A fire broke out at the residence of a Joseon governor an hour and a half past midnight. Some of the servants woke up and ran out to ask for help from the neighbors, while the others frantically worked together to put out the fire. The mortal woman, who was also living in the same compound, managed to get out of her burning cottage right before the roof collapsed. With her left leg slightly burnt, she struggled to reach the wooden gate of the annex of her in-laws’ residence leading to the woods. Just as she was about to step out, she heard the grandchild of the governor, an eight year-old boy, desperately crying for help. She hesitated, yet she changed her disposition the moment she saw him weeping while trapped in one of the rooms of his parents’ house. She limped back to the burning structures and when she got close enough, she tried to calmly hush the boy. It took her a few minutes to get to the boy and a few tries to move him, as the boy’s leg was caught between two chunks of wood. Nevertheless, she was able to pull him out and prod him to leave the house immediately. Unfortunately, one of the timber frames in the doorway fell and hit her head, causing her to pass out and be engulfed by the fire.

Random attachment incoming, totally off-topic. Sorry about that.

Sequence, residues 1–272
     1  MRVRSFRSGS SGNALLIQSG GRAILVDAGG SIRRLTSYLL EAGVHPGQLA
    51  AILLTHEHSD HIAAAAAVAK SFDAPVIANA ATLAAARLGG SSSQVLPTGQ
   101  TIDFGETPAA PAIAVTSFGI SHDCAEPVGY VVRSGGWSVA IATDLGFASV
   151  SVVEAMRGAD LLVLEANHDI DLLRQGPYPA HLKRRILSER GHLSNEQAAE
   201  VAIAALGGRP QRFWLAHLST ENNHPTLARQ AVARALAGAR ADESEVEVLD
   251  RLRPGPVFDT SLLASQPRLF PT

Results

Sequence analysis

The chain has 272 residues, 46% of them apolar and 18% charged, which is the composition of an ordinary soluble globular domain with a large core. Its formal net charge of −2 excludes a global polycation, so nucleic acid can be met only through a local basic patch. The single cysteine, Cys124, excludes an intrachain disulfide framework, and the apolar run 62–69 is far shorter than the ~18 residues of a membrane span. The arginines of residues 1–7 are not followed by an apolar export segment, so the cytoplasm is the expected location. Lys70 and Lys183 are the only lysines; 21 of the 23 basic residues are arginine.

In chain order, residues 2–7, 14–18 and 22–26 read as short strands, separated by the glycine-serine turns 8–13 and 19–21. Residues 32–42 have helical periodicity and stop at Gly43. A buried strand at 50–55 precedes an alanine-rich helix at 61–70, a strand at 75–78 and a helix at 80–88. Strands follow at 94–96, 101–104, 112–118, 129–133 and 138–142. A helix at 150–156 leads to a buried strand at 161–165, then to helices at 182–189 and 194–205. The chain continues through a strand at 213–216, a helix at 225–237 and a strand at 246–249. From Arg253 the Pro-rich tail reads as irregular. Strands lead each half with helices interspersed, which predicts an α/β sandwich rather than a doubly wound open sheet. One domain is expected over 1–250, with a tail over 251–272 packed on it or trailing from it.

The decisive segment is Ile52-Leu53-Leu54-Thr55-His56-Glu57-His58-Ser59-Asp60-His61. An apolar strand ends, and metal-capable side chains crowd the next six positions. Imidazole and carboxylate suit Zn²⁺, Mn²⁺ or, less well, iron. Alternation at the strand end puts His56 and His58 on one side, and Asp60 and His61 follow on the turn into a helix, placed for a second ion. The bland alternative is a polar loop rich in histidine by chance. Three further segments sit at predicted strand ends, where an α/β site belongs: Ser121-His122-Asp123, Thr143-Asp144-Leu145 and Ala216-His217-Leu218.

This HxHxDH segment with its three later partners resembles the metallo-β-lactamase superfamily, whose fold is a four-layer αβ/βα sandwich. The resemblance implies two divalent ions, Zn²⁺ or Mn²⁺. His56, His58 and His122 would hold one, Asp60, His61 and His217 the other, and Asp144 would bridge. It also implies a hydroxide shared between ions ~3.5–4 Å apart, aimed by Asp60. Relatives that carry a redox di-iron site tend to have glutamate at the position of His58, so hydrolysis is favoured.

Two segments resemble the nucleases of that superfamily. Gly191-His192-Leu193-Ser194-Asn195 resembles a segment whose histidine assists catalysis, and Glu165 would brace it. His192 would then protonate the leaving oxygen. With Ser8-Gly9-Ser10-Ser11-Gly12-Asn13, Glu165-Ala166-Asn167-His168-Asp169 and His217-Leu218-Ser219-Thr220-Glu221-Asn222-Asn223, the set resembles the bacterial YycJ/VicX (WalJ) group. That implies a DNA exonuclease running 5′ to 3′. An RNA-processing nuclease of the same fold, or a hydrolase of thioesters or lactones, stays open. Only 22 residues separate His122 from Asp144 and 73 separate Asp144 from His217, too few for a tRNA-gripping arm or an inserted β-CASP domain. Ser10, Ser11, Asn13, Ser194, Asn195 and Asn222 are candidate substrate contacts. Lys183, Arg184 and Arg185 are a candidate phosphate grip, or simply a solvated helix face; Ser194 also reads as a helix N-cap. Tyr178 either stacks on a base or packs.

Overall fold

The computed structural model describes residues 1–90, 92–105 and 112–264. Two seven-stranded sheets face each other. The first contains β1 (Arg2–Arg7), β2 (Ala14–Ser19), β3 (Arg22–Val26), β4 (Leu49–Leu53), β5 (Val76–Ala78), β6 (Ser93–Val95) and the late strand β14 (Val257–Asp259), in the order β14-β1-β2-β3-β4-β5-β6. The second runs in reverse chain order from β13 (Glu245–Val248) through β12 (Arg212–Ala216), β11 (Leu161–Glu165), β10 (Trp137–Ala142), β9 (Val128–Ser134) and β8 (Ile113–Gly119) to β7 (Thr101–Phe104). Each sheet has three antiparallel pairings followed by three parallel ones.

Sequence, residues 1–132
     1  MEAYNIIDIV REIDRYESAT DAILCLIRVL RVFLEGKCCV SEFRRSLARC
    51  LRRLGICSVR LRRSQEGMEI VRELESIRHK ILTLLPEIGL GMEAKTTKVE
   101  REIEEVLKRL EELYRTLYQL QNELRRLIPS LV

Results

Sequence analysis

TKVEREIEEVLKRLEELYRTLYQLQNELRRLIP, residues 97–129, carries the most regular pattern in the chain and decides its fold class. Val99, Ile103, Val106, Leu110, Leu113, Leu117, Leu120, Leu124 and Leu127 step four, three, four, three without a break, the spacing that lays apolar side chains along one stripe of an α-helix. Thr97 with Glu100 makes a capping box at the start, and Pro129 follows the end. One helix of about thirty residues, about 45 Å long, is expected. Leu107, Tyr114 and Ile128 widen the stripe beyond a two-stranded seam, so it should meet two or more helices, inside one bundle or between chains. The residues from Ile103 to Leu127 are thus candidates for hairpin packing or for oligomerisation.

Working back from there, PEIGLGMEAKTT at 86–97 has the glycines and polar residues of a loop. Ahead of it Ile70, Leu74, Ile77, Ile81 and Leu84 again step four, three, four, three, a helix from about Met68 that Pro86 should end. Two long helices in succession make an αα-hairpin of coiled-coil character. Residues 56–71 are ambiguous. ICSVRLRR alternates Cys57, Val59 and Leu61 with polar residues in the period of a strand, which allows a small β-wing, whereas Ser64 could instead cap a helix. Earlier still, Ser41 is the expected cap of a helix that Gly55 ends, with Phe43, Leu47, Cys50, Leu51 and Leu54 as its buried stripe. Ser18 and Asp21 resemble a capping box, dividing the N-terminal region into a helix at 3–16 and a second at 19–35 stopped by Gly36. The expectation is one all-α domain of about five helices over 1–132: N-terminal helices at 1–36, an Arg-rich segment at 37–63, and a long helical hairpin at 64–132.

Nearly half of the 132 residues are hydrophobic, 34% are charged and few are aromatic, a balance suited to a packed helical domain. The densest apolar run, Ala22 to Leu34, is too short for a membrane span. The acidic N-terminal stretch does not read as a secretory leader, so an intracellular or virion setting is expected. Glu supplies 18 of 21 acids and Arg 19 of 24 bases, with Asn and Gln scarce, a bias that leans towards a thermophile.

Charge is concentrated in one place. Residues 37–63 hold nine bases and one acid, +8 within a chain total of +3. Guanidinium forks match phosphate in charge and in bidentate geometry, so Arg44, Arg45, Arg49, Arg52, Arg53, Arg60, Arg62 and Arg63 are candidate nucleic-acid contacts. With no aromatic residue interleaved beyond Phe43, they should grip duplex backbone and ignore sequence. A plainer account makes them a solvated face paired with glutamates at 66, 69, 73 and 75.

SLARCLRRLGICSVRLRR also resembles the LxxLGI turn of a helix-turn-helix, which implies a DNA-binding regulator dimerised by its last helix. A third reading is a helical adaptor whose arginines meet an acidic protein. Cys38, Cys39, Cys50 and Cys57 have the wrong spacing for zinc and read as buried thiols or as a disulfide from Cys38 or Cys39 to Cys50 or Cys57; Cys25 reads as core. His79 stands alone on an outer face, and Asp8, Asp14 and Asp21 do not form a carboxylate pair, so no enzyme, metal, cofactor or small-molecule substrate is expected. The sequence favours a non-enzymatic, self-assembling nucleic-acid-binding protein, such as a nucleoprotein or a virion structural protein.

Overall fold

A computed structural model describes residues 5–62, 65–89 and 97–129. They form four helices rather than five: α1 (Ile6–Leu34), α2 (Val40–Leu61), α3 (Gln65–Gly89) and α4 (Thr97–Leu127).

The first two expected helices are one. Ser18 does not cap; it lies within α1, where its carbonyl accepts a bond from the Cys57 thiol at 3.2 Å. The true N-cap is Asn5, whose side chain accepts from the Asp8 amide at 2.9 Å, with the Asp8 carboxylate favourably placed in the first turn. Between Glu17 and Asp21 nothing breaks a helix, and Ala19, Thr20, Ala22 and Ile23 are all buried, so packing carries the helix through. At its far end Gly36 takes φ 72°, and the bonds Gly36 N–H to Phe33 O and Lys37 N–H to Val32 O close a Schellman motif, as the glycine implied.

The deity took a deep breath before taking a few steps towards the mortal, the train of her emerald cloak of velvet sweeping against the carpet of fallen leaves, and crouched down in front of her.
Under the moonlight, the god was personified as a woman with an oval face, high cheekbones, and piercing almond eyes. Her sculpted nose was in the air and her lips curved downward into a distinct scowl.
“Yes, Son Eon Jin,” Fate affirmed. “You were supposed to.”